I picked up The God Of Small Things with some trepidation too. I remembered the broad contours of the plot, though the specificities of people and places had escaped me. But the familiarity didn’t take away from the reading, simply because there isn’t too much suspense built into the narrative. Roy doesn’t trade in cheap thrills or surprises, though her linguistic flourishes now tend to feel too extravagant at times. The editor in me wanted to strike out a sentence here, a paragraph there, without which the novel wouldn’t be any poorer. But overall, hers is the craft of slow unpeeling of layers, giving the reader a long and deep look into the soul of each character. Everyone in the novel guards a precious secret like an oyster, even Baby Kochamma, whom I remembered as a scheming, villainous presence, a stereotypical evil spinster grand-aunt, maligning her “divorcée” niece Ammu and her oddball “two-egg twins” Rahel and Estha.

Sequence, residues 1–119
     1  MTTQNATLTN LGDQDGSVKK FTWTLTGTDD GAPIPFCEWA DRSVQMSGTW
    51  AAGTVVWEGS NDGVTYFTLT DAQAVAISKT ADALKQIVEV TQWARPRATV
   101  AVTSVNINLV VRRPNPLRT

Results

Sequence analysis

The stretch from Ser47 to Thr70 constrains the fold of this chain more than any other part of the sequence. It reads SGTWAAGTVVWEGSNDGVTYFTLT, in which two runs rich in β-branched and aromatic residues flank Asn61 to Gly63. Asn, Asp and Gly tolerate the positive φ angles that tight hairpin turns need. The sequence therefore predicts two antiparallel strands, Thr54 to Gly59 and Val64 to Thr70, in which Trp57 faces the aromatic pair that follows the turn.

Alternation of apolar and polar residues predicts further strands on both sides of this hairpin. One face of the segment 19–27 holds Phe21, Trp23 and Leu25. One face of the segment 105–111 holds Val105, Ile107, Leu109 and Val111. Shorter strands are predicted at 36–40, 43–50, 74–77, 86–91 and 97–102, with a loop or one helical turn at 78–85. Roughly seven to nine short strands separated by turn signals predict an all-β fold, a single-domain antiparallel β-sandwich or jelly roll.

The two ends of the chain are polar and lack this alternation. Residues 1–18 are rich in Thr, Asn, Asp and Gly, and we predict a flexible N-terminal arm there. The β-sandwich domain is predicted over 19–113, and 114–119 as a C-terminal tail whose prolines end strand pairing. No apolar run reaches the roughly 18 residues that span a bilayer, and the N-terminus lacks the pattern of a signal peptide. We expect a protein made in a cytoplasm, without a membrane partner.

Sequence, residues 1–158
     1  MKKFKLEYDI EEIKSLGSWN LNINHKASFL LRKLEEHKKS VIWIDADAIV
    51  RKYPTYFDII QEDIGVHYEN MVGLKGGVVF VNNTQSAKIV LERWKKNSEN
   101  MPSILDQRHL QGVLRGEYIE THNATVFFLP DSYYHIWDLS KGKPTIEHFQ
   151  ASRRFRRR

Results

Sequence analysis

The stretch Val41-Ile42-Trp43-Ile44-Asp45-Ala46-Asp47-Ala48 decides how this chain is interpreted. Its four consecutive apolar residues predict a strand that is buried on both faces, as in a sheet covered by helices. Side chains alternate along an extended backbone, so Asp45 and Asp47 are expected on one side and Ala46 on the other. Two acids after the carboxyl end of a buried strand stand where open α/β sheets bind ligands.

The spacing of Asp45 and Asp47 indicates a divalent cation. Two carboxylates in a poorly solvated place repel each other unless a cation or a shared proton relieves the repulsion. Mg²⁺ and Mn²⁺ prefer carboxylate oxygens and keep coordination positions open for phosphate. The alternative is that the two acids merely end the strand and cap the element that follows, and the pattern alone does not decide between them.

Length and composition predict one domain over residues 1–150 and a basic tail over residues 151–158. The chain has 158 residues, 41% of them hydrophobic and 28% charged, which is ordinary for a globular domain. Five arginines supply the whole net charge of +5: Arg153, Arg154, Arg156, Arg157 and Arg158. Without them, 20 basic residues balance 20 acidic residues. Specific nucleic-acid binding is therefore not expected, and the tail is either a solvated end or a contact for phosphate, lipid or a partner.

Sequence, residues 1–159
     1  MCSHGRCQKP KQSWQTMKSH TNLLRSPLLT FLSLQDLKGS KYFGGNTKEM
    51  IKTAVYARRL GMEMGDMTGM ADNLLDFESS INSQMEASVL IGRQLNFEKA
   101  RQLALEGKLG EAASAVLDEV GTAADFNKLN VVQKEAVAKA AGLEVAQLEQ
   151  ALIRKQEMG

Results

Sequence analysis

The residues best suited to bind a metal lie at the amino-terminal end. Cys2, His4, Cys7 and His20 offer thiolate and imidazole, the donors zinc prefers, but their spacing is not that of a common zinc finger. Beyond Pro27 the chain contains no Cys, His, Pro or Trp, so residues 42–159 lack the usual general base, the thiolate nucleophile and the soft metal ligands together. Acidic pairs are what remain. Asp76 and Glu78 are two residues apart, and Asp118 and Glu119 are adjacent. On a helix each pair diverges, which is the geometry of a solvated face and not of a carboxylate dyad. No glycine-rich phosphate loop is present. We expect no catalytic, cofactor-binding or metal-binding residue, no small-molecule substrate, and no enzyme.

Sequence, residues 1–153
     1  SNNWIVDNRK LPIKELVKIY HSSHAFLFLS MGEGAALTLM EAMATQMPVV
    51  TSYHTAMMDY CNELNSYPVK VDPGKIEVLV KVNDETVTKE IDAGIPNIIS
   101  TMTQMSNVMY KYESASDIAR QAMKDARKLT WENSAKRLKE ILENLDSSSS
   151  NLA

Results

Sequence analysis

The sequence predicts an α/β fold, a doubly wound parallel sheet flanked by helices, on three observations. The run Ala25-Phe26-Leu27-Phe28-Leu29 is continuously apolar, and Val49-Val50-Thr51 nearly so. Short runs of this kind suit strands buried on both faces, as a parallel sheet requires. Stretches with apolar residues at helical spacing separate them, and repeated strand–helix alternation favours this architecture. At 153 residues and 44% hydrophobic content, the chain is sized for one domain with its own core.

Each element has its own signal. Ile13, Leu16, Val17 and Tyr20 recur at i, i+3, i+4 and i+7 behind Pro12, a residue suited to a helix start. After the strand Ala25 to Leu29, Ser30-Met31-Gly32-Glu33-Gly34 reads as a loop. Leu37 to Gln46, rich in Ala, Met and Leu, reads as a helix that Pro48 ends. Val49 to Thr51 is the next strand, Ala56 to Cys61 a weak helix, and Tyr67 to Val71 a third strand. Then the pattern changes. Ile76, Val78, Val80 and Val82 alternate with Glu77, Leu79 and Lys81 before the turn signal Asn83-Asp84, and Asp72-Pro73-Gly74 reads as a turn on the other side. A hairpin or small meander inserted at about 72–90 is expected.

While re-reading the book, I rediscovered Baby Kochamma’s unrequited love for Father Mulligan, an Irish missionary who had rebuffed her advances, even after she went an extra mile to denounce her religion and convert to Catholicism. Decades later, corpulent and vile as ever, Baby Kochamma doesn’t stop pining for her one true love after he’s long dead. Roy captures her feelings in a quiet but unforgettable scene: “And every night, night after night, year after year, in diary after diary after diary, she wrote: I love you I love you.” It’s a brief passage, tucked into the folds of much more intense happenings, but it turns Baby Kochamma from a vicious poor relation to a woman wronged, licking her wounds even in her 80s, as constant in her animosity as with her affections.